This research takes me to a range of places throughout
Europe, some easier to get to than others. This trip began with a glitch in the
last place that I was expecting one – Scotland. When I booked my flight to
Tirana, I had the choice of flying from Aberdeen (which would involve changing
airports in London, from Heathrow to Gatwick) or from Edinburgh direct to
London Gatwick and then on to Tirana. I chose the latter, because I would
rather schlep my bags to Edinburgh by train than across London during rush

The French, however, had other plans for me. When I arrived
at Edinburgh Airport, I was told that my flight to Gatwick was delayed –
because of strikes in France – and I would have to fly to Heathrow and change
airports, otherwise I would miss my connection. The ticket agent said that it
would be easy-peasy: I would be greeted at the gate in Heathrow by a swarm of
gate agents, who would be handing out bus transfer tickets to all of us in
need. The reality, however, turnout out to be somewhat different, as I had to
find my way up three floors to get a voucher, down three floors to get a
ticket, and then to the bus. There were no gate agents in sight. At the end of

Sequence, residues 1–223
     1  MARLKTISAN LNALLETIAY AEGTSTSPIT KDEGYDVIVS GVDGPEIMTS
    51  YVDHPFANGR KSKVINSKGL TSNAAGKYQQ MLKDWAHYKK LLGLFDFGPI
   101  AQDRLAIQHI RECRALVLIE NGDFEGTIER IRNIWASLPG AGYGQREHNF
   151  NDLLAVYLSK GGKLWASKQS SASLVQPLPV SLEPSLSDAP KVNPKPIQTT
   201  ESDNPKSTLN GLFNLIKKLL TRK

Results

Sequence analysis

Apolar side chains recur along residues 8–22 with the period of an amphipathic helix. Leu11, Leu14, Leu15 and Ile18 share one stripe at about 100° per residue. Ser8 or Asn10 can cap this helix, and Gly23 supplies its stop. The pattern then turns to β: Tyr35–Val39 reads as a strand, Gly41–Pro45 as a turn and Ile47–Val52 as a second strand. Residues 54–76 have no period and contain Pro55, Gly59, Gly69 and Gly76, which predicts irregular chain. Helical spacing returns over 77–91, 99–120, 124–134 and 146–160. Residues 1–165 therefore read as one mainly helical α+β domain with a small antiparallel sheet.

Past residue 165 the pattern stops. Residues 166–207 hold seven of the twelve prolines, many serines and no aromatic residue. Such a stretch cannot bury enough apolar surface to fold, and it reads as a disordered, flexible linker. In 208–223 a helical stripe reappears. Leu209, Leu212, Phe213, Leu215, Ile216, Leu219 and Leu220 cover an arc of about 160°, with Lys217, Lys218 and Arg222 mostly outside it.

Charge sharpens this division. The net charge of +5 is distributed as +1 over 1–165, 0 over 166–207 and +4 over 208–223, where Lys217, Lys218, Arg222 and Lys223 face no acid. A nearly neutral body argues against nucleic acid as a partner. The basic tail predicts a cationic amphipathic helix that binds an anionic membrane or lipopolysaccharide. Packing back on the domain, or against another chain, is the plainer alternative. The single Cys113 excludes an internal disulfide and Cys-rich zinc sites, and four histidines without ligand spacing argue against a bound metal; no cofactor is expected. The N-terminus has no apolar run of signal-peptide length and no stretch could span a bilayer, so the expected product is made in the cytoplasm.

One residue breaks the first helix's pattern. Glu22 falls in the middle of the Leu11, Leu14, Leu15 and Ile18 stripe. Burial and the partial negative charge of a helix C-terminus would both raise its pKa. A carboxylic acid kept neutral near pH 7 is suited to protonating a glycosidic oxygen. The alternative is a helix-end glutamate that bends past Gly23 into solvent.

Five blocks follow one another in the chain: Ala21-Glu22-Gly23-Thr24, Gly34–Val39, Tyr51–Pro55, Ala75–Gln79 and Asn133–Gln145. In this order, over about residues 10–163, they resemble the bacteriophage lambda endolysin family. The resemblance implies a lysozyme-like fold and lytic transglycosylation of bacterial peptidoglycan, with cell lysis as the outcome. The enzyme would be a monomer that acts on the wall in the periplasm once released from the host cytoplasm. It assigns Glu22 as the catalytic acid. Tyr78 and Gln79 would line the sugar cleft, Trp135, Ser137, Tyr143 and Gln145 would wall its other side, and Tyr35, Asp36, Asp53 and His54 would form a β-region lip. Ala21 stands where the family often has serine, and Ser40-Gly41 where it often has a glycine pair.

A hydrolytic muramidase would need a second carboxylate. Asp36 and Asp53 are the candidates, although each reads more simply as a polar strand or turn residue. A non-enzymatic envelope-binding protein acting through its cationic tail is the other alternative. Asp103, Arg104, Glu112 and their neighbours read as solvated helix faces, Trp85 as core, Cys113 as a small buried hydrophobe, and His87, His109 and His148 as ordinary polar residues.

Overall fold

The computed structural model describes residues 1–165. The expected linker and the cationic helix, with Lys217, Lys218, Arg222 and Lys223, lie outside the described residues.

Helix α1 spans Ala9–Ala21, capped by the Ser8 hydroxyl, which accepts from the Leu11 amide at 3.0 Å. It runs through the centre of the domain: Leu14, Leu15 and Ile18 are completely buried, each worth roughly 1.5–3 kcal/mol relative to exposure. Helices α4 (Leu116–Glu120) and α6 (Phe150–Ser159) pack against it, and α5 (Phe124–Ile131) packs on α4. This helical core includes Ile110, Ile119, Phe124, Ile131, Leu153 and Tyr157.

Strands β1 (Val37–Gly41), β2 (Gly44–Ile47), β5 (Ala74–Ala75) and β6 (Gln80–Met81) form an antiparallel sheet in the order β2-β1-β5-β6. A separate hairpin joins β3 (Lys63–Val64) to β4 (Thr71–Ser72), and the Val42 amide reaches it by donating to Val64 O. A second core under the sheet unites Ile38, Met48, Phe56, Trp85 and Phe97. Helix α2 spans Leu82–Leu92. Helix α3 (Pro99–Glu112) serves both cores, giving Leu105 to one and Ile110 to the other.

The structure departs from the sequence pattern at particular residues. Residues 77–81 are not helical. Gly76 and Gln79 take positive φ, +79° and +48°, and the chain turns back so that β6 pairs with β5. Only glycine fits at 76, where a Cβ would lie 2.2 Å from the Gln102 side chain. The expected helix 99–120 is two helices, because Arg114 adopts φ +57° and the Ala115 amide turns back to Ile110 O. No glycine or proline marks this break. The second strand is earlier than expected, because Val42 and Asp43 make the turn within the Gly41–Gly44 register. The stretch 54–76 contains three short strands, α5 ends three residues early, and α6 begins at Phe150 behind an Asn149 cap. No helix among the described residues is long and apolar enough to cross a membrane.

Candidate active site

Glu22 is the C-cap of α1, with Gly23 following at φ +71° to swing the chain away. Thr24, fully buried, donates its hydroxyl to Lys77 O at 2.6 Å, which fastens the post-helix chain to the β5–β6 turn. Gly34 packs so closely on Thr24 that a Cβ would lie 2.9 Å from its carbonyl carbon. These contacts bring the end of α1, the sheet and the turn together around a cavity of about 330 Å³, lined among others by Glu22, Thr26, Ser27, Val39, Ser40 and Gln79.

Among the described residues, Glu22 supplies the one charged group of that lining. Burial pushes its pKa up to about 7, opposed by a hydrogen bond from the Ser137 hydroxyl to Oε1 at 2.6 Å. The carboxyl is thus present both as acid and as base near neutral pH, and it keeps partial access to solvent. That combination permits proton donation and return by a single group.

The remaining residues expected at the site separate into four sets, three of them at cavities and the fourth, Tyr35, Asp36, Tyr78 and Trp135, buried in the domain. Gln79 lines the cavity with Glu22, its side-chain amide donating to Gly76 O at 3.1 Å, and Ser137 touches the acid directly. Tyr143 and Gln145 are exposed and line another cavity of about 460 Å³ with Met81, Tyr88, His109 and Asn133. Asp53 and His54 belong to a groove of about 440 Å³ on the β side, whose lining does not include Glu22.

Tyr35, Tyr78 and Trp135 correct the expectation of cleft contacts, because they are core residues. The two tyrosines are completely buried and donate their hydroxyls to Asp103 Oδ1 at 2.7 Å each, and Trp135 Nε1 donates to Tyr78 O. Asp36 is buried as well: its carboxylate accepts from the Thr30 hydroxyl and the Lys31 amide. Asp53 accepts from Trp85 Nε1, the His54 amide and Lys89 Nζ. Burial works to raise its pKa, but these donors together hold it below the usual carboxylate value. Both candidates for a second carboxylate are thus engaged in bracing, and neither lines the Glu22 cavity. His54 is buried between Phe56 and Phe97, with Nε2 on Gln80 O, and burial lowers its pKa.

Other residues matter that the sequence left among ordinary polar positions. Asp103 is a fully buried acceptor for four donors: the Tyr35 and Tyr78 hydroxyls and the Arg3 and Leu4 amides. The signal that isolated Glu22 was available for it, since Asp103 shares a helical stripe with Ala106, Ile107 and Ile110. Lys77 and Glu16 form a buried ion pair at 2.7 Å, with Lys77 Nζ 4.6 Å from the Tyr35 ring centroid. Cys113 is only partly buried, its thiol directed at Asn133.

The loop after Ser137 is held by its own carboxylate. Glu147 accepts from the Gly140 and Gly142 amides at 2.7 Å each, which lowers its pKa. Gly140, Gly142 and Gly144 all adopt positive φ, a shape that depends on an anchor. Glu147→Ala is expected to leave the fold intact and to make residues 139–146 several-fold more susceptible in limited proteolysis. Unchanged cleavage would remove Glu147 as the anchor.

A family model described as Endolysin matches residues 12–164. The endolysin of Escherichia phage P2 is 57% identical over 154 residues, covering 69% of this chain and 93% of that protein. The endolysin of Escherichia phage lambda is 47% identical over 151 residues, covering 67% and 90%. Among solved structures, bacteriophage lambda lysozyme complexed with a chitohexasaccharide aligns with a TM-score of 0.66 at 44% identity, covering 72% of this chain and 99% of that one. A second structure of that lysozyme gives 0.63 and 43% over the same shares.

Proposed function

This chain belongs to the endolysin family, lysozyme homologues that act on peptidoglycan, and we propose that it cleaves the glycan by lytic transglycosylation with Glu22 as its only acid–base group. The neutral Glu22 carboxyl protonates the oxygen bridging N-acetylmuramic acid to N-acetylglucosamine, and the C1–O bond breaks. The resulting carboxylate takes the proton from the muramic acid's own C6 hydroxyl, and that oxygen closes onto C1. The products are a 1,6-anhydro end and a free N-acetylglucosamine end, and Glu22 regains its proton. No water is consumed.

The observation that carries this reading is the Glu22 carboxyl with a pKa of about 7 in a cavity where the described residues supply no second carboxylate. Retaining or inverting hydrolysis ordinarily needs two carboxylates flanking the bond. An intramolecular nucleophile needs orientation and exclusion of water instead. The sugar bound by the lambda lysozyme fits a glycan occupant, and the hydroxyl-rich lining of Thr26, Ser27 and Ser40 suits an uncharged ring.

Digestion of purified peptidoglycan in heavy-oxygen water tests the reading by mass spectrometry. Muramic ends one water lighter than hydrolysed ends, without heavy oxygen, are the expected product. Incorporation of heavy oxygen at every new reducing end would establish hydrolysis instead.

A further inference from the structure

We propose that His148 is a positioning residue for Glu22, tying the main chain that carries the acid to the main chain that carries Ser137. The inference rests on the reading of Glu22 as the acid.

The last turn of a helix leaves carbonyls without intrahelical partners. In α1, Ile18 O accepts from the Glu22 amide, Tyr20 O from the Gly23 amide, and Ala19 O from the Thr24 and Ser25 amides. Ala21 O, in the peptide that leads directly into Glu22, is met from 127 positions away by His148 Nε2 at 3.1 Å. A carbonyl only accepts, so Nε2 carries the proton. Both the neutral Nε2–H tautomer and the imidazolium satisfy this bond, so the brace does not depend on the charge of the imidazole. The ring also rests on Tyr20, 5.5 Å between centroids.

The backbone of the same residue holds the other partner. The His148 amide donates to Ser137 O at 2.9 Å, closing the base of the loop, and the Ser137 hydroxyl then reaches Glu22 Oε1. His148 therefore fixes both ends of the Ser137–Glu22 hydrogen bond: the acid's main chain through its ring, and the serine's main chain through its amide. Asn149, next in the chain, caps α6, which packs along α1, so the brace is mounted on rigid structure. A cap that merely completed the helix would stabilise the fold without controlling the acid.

the day, I made it to Tirana on time, a bit worse for the wear after 13 hours
in transit, but, no harm, no foul.

It is only fitting, then, that the next leg of the journey
should also be scuppered by strikes – this time in Istanbul. I am supposed to
be flying from Tirana to Prishtina right now – via Istanbul (yes, it is that
indirect), but someone is on strike (the airline, the airport, the entire
country – who knows, I don’t have any information in the wifi-less Tirana
airport), so my flight to Istanbul was canceled.

The art historian in me can only think of the irony. The
demonstrators in Gezi Park are (were – at the time of writing I understand that
they have been removed) demonstrating (among other things) the destruction of a
city park to make way for a commercial center and shopping mall. Many of the
artists that I write about also used (artistic) performance to protest the
commercialization of art. So in trying to write about one protest against
market forces, my research is hampered by another such protest.

I am scheduled to be on the same flight to Prishtina via
Istanbul tomorrow, but whether that flight will take off or not, who knows.
Just like performance art, the outcome is uncertain.


About Amy Bryzgel

I am Professor in Film and Visual Culture at the University of Aberdeen, where I specialise in modern and contemporary art from Eastern Europe.
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